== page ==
Google Temporarily Closes Play Books Partner Center

Google Play BooksLate last week authors began reporting that they could not open a new account on Google Play Books’ Partner Center. Google Play Books is a cross-platform application which allows users to both download and upload books in PDF and ePub formats. Unlike Amazon’s Kindle and Apple’s iBooks, Google Play Books is an open publishing and sales platform which allows readers to easily move e-book across devices (phones, e-readers, desktops and tablets) and apps that support Adobe software and DRM.

Recently TIPM reviewed Google’s publishing platform and our conclusion was a pretty mixed bag to say the least.

I can see how some authors might want to upload their books directly to Google. Because Google scans the whole of a book when uploaded, it can really harness the power of its search engine to help readers discover those books. That said, an interface which appears relatively easy to use sometimes reveals a frustrating and time-consuming process.


I suspect a lot of readers who buy books using Google do so with a tablet or smartphone and it really comes down to whether an author wants to take the time to upload books directly to Google Play using their Partner Center facility and have the few additional benefits that come with it.


Google Play Books is a long way from the ease of Amazon KDP, and I actually expected better. Like a lot of Google developments (Buzz, Google Reader…), I sometimes wonder how committed the company is in fine-tuning applications like this in the long term. For me, the benefits just didn’t offset the frustrations.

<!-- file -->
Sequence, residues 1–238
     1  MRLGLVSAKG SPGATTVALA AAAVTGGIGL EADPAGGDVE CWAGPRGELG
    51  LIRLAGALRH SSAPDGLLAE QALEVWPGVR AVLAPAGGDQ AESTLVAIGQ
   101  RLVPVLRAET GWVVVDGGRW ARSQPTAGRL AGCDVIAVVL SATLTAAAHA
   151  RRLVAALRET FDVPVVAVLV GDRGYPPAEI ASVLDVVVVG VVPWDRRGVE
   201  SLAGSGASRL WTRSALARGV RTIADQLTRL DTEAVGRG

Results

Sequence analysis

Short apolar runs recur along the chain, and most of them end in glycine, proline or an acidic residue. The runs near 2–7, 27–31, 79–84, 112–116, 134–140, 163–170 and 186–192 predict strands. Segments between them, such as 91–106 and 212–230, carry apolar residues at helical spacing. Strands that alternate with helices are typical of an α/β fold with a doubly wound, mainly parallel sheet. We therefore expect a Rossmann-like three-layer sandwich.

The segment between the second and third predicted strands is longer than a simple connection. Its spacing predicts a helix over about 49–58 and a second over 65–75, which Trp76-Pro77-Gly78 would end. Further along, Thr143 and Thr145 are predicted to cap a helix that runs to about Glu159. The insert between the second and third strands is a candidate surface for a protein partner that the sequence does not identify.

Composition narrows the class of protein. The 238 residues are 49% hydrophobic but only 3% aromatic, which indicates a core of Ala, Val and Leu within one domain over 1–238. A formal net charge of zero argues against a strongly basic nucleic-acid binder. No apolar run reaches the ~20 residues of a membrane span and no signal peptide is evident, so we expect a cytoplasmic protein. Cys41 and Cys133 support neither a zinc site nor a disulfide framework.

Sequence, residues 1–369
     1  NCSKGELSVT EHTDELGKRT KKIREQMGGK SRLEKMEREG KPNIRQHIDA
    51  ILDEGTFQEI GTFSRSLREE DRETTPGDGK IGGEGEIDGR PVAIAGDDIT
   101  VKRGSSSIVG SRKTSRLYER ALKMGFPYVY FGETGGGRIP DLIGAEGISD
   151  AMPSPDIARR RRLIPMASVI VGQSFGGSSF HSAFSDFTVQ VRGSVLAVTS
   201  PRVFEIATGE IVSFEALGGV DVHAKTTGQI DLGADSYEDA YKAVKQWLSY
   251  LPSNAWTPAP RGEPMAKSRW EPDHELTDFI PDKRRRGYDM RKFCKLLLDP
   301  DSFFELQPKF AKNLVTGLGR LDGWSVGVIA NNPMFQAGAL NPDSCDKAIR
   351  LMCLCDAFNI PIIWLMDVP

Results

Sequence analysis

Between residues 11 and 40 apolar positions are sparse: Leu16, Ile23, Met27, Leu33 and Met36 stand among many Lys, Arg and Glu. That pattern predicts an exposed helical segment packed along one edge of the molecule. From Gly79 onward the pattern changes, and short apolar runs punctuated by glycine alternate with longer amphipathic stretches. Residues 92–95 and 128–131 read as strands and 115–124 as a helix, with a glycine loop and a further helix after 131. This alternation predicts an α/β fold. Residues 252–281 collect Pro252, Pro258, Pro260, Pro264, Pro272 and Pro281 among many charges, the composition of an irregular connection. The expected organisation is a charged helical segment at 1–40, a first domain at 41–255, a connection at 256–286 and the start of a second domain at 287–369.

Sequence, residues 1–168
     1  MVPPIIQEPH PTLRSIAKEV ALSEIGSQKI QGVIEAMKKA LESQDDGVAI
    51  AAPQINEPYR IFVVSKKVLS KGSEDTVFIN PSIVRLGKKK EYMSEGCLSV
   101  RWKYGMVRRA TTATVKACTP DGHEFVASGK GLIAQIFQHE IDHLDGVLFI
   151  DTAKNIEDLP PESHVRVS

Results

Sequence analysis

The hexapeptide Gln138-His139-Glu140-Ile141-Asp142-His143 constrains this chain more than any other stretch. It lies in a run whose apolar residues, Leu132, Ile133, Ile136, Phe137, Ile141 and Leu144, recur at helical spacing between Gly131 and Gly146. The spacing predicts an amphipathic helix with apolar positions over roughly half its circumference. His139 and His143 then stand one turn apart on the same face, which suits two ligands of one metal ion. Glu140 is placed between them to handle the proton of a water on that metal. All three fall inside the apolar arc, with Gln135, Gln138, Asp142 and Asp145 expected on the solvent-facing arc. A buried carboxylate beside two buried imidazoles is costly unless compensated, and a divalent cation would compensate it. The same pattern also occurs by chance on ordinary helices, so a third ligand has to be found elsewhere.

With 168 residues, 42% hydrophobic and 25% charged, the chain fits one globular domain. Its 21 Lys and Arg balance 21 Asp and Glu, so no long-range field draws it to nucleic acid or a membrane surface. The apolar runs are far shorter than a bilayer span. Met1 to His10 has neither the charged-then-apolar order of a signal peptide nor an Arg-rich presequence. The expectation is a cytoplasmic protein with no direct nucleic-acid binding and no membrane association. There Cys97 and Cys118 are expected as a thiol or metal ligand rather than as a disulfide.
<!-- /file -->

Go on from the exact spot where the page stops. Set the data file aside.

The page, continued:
News of Google’s decision to close the Partner Center for now appeared to catch many authors off-guard and over the weekend the following message was posted to Google’s Support Forums:

We’ve temporarily closed new publisher sign ups in the Play Books Partner Center, so we can improve our content management capabilities and our user experience. We’re working to reopen this to new publishers soon. Thanks for your patience.

The temporary closure only effects authors and publishers signing up to Google’s publishing platform for the first time. Authors with an existing account still have access and full functionality.

I certainly hope Google takes this opportunity to iron out the glitches in its publishing interface and Nate Hoffelder of Ink, Bits, & Pixels has speculated that Google may also be trying to address the issue of piracy. Users over the years have exploited Google Play’s weaknesses in identifying uploaded pirated books. I think he makes a strong argument that this could be the primary reason why Google has temporarily closed the platform to new accounts. Google has been accused by publishers of not taking book piracy seriously enough.

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